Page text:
The Sword of Antietam - A Story of the Nation
113 Pages
English

The Sword of Antietam - A Story of the Nation's Crisis

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Published 08 December 2010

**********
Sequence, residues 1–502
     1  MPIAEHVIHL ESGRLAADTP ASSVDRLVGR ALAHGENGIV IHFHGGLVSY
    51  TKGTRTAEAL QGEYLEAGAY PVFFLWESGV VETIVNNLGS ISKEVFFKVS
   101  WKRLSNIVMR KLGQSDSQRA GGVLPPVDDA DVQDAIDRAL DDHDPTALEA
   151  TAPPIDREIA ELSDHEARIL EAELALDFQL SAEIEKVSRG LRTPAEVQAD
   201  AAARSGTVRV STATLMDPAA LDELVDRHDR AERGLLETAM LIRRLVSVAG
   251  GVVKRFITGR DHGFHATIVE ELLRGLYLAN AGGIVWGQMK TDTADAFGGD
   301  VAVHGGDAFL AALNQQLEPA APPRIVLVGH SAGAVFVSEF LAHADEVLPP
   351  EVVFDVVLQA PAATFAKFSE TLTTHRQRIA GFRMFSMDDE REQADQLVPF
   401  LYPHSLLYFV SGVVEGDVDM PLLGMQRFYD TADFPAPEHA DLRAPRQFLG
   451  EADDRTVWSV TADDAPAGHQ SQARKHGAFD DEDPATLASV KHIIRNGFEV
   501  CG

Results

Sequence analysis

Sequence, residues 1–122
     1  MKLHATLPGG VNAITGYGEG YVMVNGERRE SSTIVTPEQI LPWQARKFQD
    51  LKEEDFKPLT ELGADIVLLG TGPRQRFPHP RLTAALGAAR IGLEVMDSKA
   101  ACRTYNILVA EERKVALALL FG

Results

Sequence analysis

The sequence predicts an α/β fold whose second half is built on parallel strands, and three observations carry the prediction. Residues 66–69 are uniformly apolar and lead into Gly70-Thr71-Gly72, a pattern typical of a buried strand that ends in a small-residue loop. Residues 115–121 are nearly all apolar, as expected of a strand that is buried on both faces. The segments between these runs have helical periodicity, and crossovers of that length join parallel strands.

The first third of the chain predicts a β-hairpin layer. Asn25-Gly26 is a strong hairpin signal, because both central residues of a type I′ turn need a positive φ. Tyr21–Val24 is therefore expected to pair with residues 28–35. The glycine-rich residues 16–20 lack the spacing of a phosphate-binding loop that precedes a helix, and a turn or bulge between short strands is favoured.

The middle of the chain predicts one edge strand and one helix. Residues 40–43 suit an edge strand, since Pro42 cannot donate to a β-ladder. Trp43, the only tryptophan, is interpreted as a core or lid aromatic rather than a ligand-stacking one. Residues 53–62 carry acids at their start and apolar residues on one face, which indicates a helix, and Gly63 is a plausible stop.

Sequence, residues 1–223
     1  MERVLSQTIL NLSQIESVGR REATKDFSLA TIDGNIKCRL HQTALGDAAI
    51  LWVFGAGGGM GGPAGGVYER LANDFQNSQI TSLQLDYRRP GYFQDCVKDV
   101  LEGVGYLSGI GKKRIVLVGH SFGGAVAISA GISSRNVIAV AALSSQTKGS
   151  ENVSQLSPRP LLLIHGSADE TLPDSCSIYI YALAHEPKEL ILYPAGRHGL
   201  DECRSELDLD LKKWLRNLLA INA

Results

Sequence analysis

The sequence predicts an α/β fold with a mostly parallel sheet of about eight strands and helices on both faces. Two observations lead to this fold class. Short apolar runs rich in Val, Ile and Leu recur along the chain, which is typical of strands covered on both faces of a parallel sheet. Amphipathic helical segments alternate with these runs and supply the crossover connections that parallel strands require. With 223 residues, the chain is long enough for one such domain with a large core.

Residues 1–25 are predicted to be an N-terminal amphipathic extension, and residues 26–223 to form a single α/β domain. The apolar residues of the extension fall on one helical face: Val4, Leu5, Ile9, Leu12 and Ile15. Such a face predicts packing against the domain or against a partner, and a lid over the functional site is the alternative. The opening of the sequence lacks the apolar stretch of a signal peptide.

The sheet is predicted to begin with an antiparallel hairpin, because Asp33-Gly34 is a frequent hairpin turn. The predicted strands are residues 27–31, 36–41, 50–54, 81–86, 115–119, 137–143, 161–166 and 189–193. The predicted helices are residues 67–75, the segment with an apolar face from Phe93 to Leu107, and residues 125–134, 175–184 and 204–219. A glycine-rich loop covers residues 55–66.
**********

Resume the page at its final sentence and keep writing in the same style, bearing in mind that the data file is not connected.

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The Project Gutenberg EBook of The Sword of Antietam, by Joseph A. Altsheler This eBook is for the use of anyone anywhere at no cost and with almost no restrictions whatsoever. You may copy it, give it away or re-use it under the terms of the Project Gutenberg License included with this eBook or online at www.gutenberg.org Title: The Sword of Antietam Author: Joseph A. Altsheler Release Date: July 23, 2009 [EBook #7862] Language: English Character set encoding: ASCII *** START OF THIS PROJECT GUTENBERG EBOOK THE SWORD OF ANTIETAM *** Produced by Ken Reeder, and David Widger THE SWORD OF ANTIETAM A STORY OF THE NATION'S CRISIS By Joseph A. Altsheler FOREWORD "The Sword of Antietam" tells a complete story, but it is one in the chain of Civil War romances, begun in "The Guns of Bull Run" and continued through "The Guns of Shiloh" and "The Scouts of Stonewall." The young Northern hero, Dick Mason, and his friends are in the forefront of the tale. THE CIVIL WAR SERIES VOLUMES IN THE CIVIL WAR SERIES THE GUNS OF BULL RUN. THE GUNS OF SHILOH. THE SCOUTS OF STONEWALL. THE SWORD OF ANTIETAM. THE STAR OF GETTYSBURG. THE ROCK OF CHICKAMAUGA. THE SHADES OF THE WILDERNESS. THE TREE OF APPOMATTOX. PRINCIPAL CHARACTERS IN THE CIVIL WAR SERIES HARRY KENTON, A Lad Who Fights on the Southern Side. DICK MASON, Cousin of Harry Kenton, Who Fights on the Northern Side. COLONEL GEORGE KENTON, Father of Harry Kenton. MRS. MASON, Mother of Dick Mason. JULIANA, Mrs. Mason's Devoted Colored Servant. COLONEL ARTHUR WINCHESTER, Dick Mason's Regimental Commander. COLONEL LEONIDAS TALBOT, Commander of the Invincibles, a Southern Regiment. LIEUTENANT COLONEL HECTOR ST. HILAIRE, Second in Command of the Invincibles. ALAN HERTFORD, A Northern Cavalry Leader. PHILIP SHERBURNE, A Southern Cavalry Leader. WILLIAM J. SHEPARD, A Northern Spy. DANIEL WHITLEY, A Northern Sergeant and Veteran of the Plains. GEORGE WARNER, A Vermont Youth Who Loves Mathematics. FRANK PENNINGTON, A Nebraska Youth, Friend of Dick Mason. ARTHUR ST. CLAIR, A Native of Charleston, Friend of Harry Kenton. TOM LANGDON, Friend of Harry Kenton. GEORGE DALTON, Friend of Harry Kenton. BILL SKELLY, Mountaineer and Guerrilla. TOM SLADE, A Guerrilla Chief. SAM JARVIS, The Singing Mountaineer. IKE SIMMONS, Jarvis' Nephew. AUNT "SUSE," A Centenarian and Prophetess. BILL PETTY, A Mountaineer and Guide. JULIEN DE LANGEAIS, A Musician and Soldier from Louisiana. JOHN CARRINGTON, Famous Northern Artillery Officer. DR. RUSSELL, Principal of the Pendleton School. ARTHUR TRAVERS, A Lawyer. JAMES BERTRAND, A Messenger from the South. JOHN NEWCOMB, A Pennsylvania Colonel. JOHN MARKHAM, A Northern Officer. JOHN WATSON, A Northern Contractor. WILLIAM CURTIS, A Southern Merchant and Blockade Runner. MRS. CURTIS, Wife of William Curtis. HENRIETTA GARDEN, A Seamstress in Richmond. DICK JONES, A North Carolina Mountaineer. VICTOR WOODVILLE, A Young Mississippi Officer. JOHN WOODVILLE, Father of Victor Woodville. CHARLES WOODVILLE, Uncle of Victor Woodville. COLONEL BEDFORD, A Northern Officer. CHARLES GORDON, A Southern Staff Officer. JOHN LANHAM, An Editor. JUDGE KENDRICK, A Lawyer. MR. CULVER, A State Senator. MR. BRACKEN, A Tobacco Grower. ARTHUR WHITRIDGE, A State Senator. HISTORICAL CHARACTERS ABRAHAM LINCOLN, President of the United States. JEFFERSON DAVIS, President of the Southern Confederacy. JUDAH P. BENJAMIN, Member of the Confederate Cabinet. U. S. GRANT, Northern Commander. ROBERT B. LEE, Southern Commander. STONEWALL JACKSON, Southern General. PHILIP H. SHERIDAN, Northern General. GEORGE H. THOMAS, "The Rock of Chickamauga." ALBERT SIDNEY JOHNSTON, Southern General. A. P. HILL, Southern General. W. S. HANCOCK, Northern General. GEORGE B. McCLELLAN, Northern General. AMBROSE B. BURNSIDE, Northern General. TURNER ASHBY, Southern Cavalry Leader. J. E. B. STUART, Southern Cavalry Leader. JOSEPH HOOKER, Northern General. RICHARD S. EWELL, Southern General. JUBAL EARLY, Southern General. WILLIAM S. ROSECRANS, Northern General. SIMON BOLIVAR BUCKNER, Southern General. LEONIDAS POLK, Southern General and Bishop. BRAXTON BRAGG, Southern General. NATHAN BEDFORD FORREST, Southern Cavalry Leader. JOHN MORGAN, Southern Cavalry Leader. GEORGE J. MEADE, Northern General. DON CARLOS BUELL, Northern General. W. T. SHERMAN, Northern General. JAMES LONGSTREET, Southern General. P. G. T. BEAUREGARD, Southern General. WILLIAM L. YANCEY, Alabama Orator. JAMES A. GARFIELD, Northern General, afterwards President of the United States. And many others IMPORTANT BATTLES DESCRIBED IN THE CIVIL WAR SERIES BULL RUN KERNSTOWN CROSS KEYS WINCHESTER PORT REPUBLIC THE SEVEN DAYS MILL SPRING FORT DONELSON SHILOH PERRYVILLE STONE RIVER THE SECOND MANASSAS ANTIETAM FREDERICKSBURG CHANCELLORSVILLE GETTYSBURG CHAMPION HILL VICKSBURG CHICKAMAUGA MISSIONARY RIDGE THE WILDERNESS SPOTTSYLVANIA COLD HARBOR FISHER'S HILL CEDAR CREEK APPOMATTOX Contents FOREWORD THE SWORD OF ANTIETAM CHAPTER I. CHAPTER II. CHAPTER III. CEDAR MOUNTAIN AT THE CAPITAL BESIDE THE RIVER CHAPTER IV. CHAPTER V. CHAPTER VI. CHAPTER VII. CHAPTER VIII. CHAPTER IX. CHAPTER X. CHAPTER XI. CHAPTER XII. CHAPTER XIII. CHAPTER XIV. CHAPTER XV. SPRINGING THE TRAP THE SECOND MANASSAS THE MOURNFUL FOREST ORDERS NO. 191 THE DUEL IN THE PASS ACROSS THE STREAM ANTIETAM A FAMILY AFFAIR THROUGH THE BLUEGRASS PERRYVILLE SEEKING BRAGG STONE RIVER Appendix: Transcription notes: THE SWORD OF ANTIETAM CHAPTER I. CEDAR MOUNTAIN The first youth rode to the crest of the hill, and, still sitting on his horse, examined the country in the south with minute care through a pair of powerful glasses. The other two dismounted and waited patiently. All three were thin and their faces were darkened by sun and wind. But they were strong alike of body and soul. Beneath the faded blue uniforms brave hearts beat and powerful muscles responded at once to every command of the will. "What do you see, Dick?" asked Warner, who leaned easily against his horse, with one arm over the pommel of his saddle. "Hills, valleys, mountains, the August heat shimmering over all, but no human being." "A fine country," said young Pennington, "and I like to look at it, but just now my Nebraska prairie would be better for us. We could at least see the advance of Stonewall Jackson before he was right on top of us." Dick took another long look, searching every point in the half circle of the south with his glasses. Although burned by summer the country was beautiful, and neither heat nor cold could take away its picturesqueness. He saw valleys in which the grass grew thick and strong, clusters of hills dotted with trees, and then the blue loom of mountains clothed heavily with foliage. Over everything bent a dazzling sky of blue and gold. The light was so intense that with his glasses he could pick out individual trees and rocks on the far slopes. He saw an occasional roof, but nowhere did he see man. He knew the reason, but he had become so used to his trade that at the moment, he felt no sadness. All this region had been swept by great armies. Here the